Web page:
Today is Blog Action Day, and the topic everyone is discussing is good ol’ water.
Conserving and reusing water is essential. While the oceans are large and the rain seems plentiful (especially here in Oregon), water is not a never ending resource.
Water is a huge issue. According to Water.org:
- Nearly one billion people – about one in eight – lack access to clean water every single day.
- More than 3.5 million people die each year from water-related disease; 84 percent are children. Nearly all deaths, 98%, occur in the developing world.
- Lack of access to clean water and sanitation kills children at a rate equivalent of a jumbo jet crashing every four hours.
BUT that’s in developing countries right? So what’s the big deal if you live in the United States? When I hear people complain about water issues, they’re usually talking about other places. Places we aren’t. However, water is an issue in the USA.
Water issues affect everyone. From plastic water bottle waste to water pollution that’s killing off marine life to land being destroyed in the name of bottled water to the insane cost of water here in the U.S. – water issues do affect us. For example…
According to Food & Water Watch each year we fall more than $20 billion short of what is needed to maintain our public water and sewage systems. That’s the main reason Food & Water Watch has launched a campaign to Renew America’s Water. The campaign asks Congress to establish a dedicated source of funding for water and wastewater infrastructure. Right now funds that are supposed to maintain our wastewater infrastructure r equals just enough to cover 18% of what is actually needed. Even if all families conserved water diligently it wouldn’t save enough money, not without major industry reform as well.
According to Grinning Planet, “40% of America’s rivers are too polluted for fishing, swimming, or aquatic life.” Lakes fare even worse with a full 46% being too polluted for fishing, swimming, or aquatic life. Too bad since healthy rivers and lakes help reduce the impact of global warming. Additionally, Grinning Planet notes that 80% of the pollution in seas and oceans comes from land-based activities.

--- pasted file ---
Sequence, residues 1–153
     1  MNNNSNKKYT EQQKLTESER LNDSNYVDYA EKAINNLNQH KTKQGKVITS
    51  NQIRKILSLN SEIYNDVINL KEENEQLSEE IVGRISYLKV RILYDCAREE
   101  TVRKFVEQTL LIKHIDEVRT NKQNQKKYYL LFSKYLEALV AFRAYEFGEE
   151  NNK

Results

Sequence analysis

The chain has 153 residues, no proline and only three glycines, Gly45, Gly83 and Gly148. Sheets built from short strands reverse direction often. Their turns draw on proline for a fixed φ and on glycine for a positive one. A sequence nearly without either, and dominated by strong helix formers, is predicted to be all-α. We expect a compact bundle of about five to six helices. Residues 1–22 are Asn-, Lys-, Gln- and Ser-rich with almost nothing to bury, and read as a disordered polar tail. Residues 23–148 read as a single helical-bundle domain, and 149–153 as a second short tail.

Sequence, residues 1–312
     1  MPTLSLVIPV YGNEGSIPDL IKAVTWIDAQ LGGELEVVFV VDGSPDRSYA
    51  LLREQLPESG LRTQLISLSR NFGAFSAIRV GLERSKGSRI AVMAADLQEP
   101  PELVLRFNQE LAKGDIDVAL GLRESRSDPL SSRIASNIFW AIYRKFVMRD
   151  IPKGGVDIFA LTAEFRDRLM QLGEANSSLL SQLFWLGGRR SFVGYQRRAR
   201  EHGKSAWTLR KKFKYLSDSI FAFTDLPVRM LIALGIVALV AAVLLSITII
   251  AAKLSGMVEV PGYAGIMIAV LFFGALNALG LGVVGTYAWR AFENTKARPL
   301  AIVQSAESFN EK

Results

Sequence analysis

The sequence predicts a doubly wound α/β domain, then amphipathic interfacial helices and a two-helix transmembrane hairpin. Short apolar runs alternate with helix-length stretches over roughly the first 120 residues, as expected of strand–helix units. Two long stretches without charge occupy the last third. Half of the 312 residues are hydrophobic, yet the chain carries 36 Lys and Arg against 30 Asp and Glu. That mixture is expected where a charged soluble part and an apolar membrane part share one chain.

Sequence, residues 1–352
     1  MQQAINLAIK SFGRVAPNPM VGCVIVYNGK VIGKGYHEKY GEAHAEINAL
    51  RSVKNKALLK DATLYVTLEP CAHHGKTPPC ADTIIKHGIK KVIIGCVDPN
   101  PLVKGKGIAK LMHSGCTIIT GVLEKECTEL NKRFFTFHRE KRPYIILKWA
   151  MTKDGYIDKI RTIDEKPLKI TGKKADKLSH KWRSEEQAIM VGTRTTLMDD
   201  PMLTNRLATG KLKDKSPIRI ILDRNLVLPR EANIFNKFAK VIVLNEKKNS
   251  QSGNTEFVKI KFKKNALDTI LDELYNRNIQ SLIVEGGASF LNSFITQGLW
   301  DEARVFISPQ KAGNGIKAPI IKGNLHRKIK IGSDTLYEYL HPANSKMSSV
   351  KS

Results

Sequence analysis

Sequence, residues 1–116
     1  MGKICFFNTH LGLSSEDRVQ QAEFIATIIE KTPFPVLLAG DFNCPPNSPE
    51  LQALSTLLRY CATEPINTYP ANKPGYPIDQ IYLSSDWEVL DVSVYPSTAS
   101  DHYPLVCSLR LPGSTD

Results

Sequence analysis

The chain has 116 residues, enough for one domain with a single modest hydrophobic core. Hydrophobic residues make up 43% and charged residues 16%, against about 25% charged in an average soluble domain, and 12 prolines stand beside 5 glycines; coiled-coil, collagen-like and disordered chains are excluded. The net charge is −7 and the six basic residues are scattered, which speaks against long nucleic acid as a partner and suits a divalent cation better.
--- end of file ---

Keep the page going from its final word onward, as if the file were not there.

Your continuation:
American Rivers notes that water pollution threats to U.S rivers are very human based and we could prevent these threats which include:
- Polluted runoff from streets, parking lots and neighborhood lawns.
- Runoff from non-organic farms that include pesticides, toxic fertilizers and animal waste.
- Runoff from U.S. homes.
- Livestock damage.
- Logging and mining operations.
Overuse of water here in the United States will be our undoing if we fail to conserve. We’re not as safe and secure as we think. According to the EPA, the insane demand for water in the United States (typical U.S. residents use 150 gallons of water per day) means we end up needing to build more dams that generate major pollution, dig more wells and make serious water withdrawals from our natural water bodies.
Overuse of water also results in significant energy waste. For example, even just obtaining and treating cold water requires energy which in turn increases the negative effects of climate change. Right now, American public water supply and treatment facilities consume 56 billion kilowatt-hours+ annually, which is enough energy to power over 5 million homes for an entire year.
The United States does have water problems, but luckily there’s plenty you can do to help create change. Coming up, information about FLOW, an eco-movie about water. First up though, you can sign the petition that support’s the UN’s efforts to bring safe water to millions of individuals at the Blog Action Day website.